The Clarity of Scripture and Willard’s Lack Thereof

Under the section of his introduction called “My Assumptions about the Bible”, Willard begins by describing what most theologians would call the “perspicuity of scripture”. Perspicuity is the state of being transparently clear and easily understandable. What is ironic is that the passage where he describes this belief is not, in itself, perspicuous. I found myself giggling at the irony. In the section describing Scripture’s clarity and how it was written for the common man, Willard’s verbiage and logic took a serpentine route across two or three pages, taking several paragraphs to say what I could have said in one very short paragraph. It quickly became clear to me why this book was so long.

I also noticed that Willard frequently forms sentences which were technically grammatical but devoid of any clear meaning. For instance, Willard describes what he saw as the view of Jesus from the first-century perspective:

Jesus himself was thought of as someone to admire and respect, someone you thought highly of and considered to be a person of great ability. Worship of him included this – not, as today, ruled it out.

What does this sentence mean? I think I read it three or four times and was still scratching my head. It seems that perhaps his particular definitions for the descriptive phrases “thought highly of” and “person of great ability”, are much different than what might be their most forthright interpretation, using the basic dictionary definitions of the words they contain. But despite the mental hurdles thrown in my path, several messages came through quite clearly from between the lines. For instance, I found significant meaning from one little phrase in the aforementioned quote. Willard uses the phrase “not as today… “.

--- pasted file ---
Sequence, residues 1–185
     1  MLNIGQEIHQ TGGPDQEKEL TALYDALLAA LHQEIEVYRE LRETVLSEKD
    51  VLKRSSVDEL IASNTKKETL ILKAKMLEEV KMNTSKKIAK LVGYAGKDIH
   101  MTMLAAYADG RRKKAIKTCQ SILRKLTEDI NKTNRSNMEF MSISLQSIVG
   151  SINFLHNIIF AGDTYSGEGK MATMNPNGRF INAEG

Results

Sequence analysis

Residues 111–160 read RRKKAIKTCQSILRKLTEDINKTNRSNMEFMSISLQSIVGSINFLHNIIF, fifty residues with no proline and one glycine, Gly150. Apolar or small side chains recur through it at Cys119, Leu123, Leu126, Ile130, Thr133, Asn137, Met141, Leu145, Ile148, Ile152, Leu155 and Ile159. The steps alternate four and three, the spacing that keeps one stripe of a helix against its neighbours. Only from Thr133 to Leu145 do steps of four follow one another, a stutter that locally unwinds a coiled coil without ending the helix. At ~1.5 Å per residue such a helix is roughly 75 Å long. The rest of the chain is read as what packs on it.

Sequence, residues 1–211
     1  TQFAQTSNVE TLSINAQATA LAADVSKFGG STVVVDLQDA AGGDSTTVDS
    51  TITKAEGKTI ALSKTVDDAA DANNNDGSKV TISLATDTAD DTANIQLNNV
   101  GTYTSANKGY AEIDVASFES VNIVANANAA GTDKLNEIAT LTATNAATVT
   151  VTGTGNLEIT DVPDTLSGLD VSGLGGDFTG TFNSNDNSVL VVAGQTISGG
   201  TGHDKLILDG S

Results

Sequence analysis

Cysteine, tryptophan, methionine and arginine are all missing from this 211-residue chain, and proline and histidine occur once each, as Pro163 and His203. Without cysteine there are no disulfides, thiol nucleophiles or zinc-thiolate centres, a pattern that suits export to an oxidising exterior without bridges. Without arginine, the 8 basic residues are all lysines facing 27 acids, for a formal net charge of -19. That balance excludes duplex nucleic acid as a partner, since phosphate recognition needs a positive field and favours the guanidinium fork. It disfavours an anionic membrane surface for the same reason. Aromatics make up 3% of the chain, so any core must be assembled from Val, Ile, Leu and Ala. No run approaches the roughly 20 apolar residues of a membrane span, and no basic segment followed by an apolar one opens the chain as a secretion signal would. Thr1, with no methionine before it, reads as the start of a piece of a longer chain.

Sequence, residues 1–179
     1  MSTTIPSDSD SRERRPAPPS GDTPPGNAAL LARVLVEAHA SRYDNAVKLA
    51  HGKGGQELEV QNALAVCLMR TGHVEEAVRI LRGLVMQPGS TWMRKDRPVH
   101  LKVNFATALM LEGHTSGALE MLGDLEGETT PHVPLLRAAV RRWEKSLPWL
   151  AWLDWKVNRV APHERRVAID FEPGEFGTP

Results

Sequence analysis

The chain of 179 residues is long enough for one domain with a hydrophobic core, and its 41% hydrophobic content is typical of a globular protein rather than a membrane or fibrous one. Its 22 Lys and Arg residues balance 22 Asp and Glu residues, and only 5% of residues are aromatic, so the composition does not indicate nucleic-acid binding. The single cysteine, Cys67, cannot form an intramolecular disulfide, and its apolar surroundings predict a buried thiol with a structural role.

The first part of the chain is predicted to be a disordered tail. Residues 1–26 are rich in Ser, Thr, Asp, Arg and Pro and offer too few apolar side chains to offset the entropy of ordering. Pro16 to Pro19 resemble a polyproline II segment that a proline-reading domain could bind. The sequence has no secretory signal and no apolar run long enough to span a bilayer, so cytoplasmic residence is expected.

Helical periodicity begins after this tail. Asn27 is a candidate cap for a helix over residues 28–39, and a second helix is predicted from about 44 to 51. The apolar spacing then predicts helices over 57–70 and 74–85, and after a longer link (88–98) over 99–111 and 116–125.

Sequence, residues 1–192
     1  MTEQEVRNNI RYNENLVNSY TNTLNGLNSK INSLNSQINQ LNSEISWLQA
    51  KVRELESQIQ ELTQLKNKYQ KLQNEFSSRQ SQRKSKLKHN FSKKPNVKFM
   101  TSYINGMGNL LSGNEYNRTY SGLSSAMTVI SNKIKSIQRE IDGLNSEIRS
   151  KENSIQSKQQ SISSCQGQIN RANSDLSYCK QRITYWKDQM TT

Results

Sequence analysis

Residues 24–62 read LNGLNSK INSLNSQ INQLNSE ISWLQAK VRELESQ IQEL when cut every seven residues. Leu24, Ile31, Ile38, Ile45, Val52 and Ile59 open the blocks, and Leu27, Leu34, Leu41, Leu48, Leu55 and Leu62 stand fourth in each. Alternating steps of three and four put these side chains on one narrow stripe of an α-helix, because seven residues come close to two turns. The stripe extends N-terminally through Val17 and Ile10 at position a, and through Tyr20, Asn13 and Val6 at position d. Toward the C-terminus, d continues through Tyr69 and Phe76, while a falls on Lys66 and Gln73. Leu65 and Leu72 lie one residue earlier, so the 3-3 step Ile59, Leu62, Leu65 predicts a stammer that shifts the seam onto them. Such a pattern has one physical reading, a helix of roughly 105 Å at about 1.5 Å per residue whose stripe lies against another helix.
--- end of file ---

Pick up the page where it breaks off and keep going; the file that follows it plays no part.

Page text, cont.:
Willard the Reformer?

What is Professor Willard saying when he says “not as today”? These three words expose the heart of Willard’s teaching and his attitudes towards what most would consider orthodox Christianity. He constantly implies that we need to go all the way back to the first century to find proper discipleship and worship of Jesus. He did not follow this phrase with any qualifier, such as “in liberal churches” or “in most mainstream denominations”. He gave no qualifier to imply that, at this point in history, there was anyone out there “getting it right”.